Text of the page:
After addition of the melamine polymer, the agglomerated solids are separated from the water stream being treated by any conventional method. For example, rake clarifiers may be used. To assist in this separation, an effective amount of a flocculant polymer can be added. Relative to the flocculant, the term "effective amount" refers to that amount of flocculant necessary to promote the formation of a buoyant floc structure by binding the conditioned ink-laden particles and incorporating air into the floc structure. The resulting floc facilitates the removal of ink laden solids from the water being treated. The ink solids generated from co-addition of a polymeric flocculant and an acid colloid should provide desirable handling and dewatering properties.

The type of polymeric flocculant used and its molecular weight are not believed to be critical to the instant process. Suitable flocculants include cationic polymers, nonionic polymers, anionic polymers, amphoteric polymers, or mixtures thereof.

Examples of acceptable flocculants include long chain polyacrylamides and long chain polymethacrylamides; the preferred flocculants are nonionic or slightly anionic polyacrylamides having a weight average molecular weight ranging from about 6106 to about 20106.

Typical cationic polyelectrolytes which may be used as flocculants in the instant invention include but are not limited to polyamines, polyphosphonium compounds, polysulfonium compounds, quaternary ammonium compounds, polymers of methacryloyloxethyl trimethyl ammonium methyl sulfate (METAMS), polymers of methacrylamido propyl trimethyl ammonium chloride (MAPTAC), polymers of acryloyloxyethyl trimethyl ammonium chloride (AETAC), polymers of methacryloyloxyethyl trimethyl ammonium chloride (METAC) and polymers prepared from combinations of METAMS, MAPTAC, AETAC and/or METAC with acrylamide and/or methyacrylamide. Representative of quaternary ammonium compounds are diethyl diallyl ammonium and dimethyl diallyl ammonium polymers and salts thereof.

The preferred cationic flocculants are quaternary ammonium polymers such as polydimethyl diallyl ammonium chloride (polyDMDAAC), poly dimethyl diallyl ammonium bromide (polyDMDAAB), poly diethyl diallyl ammonium chloride (polyDEDAAB), or any of the same copolymerized with acrylamide or methacrylamide. The preferred molecular weights for the quaternary ammonium polymers are in excess of about 2,000,000.

The most preferred cationic flocculent is a polymer comprising dimethyl diallyl ammonium chloride and acrylamide, or a homologue thereof,. having a weight average molecular weight in excess of about 4,000,000. The ratio of the nonionic moiety (for example, acrylamide or methacrylamide) to the cationic moiety should be greater than about 1:1, on an active weight basis.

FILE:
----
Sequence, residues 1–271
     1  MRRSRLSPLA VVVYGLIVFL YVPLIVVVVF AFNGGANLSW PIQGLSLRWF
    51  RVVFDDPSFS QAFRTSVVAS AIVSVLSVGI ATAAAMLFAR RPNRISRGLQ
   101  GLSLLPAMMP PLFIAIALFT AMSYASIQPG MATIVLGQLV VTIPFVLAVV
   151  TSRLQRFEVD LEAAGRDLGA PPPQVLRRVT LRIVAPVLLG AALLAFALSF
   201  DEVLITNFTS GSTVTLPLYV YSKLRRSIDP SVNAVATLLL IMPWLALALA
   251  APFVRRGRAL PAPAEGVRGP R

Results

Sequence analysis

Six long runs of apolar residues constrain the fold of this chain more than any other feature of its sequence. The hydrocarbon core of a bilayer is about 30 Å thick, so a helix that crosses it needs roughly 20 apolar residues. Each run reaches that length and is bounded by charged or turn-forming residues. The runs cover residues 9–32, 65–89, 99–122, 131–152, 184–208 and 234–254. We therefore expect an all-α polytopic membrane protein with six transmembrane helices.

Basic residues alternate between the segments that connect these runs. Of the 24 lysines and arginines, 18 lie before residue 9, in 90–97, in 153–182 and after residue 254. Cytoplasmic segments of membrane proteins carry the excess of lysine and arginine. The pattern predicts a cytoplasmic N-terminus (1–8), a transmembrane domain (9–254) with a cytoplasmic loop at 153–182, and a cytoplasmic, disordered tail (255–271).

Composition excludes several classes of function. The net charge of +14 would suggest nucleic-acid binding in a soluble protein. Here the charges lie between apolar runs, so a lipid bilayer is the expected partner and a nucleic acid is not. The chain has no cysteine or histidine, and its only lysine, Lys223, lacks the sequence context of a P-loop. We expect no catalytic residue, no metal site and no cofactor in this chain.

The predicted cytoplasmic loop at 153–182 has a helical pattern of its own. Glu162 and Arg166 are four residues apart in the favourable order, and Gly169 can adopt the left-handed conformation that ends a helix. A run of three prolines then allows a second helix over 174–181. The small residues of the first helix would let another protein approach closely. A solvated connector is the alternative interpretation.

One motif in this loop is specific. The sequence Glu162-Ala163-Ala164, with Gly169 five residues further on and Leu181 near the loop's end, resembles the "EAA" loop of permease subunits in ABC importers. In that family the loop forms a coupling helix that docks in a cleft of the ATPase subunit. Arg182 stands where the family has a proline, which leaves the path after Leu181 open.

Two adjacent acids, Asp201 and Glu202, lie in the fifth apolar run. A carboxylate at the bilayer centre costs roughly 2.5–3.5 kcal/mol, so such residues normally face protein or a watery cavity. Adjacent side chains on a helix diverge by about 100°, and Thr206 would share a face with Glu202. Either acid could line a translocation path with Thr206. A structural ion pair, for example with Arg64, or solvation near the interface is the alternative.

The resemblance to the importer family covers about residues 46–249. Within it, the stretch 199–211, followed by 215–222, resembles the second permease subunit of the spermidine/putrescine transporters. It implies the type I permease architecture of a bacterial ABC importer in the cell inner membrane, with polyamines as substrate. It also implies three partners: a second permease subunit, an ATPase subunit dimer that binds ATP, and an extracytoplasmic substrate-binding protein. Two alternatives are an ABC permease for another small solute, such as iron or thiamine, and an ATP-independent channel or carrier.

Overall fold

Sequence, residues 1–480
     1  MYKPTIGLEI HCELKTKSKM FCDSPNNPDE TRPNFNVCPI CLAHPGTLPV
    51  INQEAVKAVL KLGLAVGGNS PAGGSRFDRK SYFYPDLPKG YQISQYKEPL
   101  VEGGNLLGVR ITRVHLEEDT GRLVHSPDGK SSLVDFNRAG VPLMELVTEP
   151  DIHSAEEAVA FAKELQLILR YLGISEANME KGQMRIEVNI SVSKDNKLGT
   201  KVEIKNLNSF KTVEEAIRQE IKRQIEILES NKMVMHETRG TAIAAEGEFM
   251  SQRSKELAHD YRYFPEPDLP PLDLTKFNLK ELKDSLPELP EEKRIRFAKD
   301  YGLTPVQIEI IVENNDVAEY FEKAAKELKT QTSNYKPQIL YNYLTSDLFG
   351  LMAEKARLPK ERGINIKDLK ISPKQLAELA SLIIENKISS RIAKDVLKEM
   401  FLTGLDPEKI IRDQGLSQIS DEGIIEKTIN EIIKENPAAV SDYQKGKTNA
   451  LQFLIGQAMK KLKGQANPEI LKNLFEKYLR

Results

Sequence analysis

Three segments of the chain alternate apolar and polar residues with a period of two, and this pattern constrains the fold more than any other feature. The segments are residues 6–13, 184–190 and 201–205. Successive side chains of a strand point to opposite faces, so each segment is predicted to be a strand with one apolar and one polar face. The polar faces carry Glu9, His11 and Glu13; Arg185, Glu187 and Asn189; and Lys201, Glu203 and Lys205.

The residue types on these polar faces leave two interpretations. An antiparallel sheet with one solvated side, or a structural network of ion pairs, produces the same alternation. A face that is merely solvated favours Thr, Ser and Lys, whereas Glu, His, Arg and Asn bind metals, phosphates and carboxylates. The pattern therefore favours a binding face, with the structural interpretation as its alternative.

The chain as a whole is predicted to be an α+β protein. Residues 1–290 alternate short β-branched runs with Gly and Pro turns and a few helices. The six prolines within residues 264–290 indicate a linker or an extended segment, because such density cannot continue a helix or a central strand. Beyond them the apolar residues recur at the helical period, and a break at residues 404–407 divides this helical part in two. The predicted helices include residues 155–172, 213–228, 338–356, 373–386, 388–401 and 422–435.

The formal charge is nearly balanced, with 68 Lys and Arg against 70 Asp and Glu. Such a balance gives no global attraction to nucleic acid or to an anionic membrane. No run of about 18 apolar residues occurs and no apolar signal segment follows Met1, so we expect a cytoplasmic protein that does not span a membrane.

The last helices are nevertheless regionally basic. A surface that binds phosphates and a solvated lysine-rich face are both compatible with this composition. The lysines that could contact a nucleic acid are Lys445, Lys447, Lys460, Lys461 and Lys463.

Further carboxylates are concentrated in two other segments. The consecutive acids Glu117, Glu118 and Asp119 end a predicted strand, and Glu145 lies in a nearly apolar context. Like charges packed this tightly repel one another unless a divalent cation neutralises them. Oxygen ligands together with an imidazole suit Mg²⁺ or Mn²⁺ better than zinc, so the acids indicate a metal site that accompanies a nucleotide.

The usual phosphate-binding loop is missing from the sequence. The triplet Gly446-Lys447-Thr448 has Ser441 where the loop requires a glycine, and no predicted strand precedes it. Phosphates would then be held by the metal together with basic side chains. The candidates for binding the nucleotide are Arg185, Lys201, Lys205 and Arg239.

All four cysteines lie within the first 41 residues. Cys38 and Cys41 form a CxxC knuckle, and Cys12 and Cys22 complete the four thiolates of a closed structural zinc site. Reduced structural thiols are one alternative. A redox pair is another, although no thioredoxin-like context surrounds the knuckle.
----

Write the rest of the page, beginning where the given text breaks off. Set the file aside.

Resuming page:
Other preferred polymers comprise:-a) acrylamide or methacrylamide and b) METAMS, METAC, MAPTAC or AETAC, wherein the monomer ratio of a):b), on an active weight basis, is greater than about 1:1.

The preferred anionic polyelectrolytes possess a low charge (i.e., less than 10%) and are selected from the group consisting of polyacrylic acids and salts thereof, particularly sodium salts thereof, having a molecular weight ranging from about 2106 to about 20106, and polymers comprising a) acrylic acid or methacrylic acid and b) 2-acrylamido-2-methylpropylsulfonic acid and/or 2-methacrylamido-2-methylpropylsulfonic acid, wherein the weight ratio of a):b) ranges from about 1:99 to about 99:1, preferably 10:90 to 90:10 and most preferably 75:25, and wherein the molecular weight ranges from about 2106 to about 20106.

High molecular weight polyampholytes can be used in the instant method. Representative examples of suitable polyampholytes include polymers comprising a) acrylic acid, methacrylic acid, 2-acrylamido-2-methylpropylsulfonic acid or 2-methacrylamido-2-methylpropylsulfonic acid, alone or in combination, and b) dimethyl diallyl ammonium chloride, dimethyl diallyl ammonium bromide, diethyl diallyl ammonium chloride or diethyl diallyl ammonium bromide, alone or in combination, wherein the weight ratio of component a) to component b) ranges from about 90:10 to about 10:90 and wherein the polyampholyte has a molecular weight in excess of about 2106. The polyampholytes may also contain nonionic moieties such as acrylamide or methacrylamide.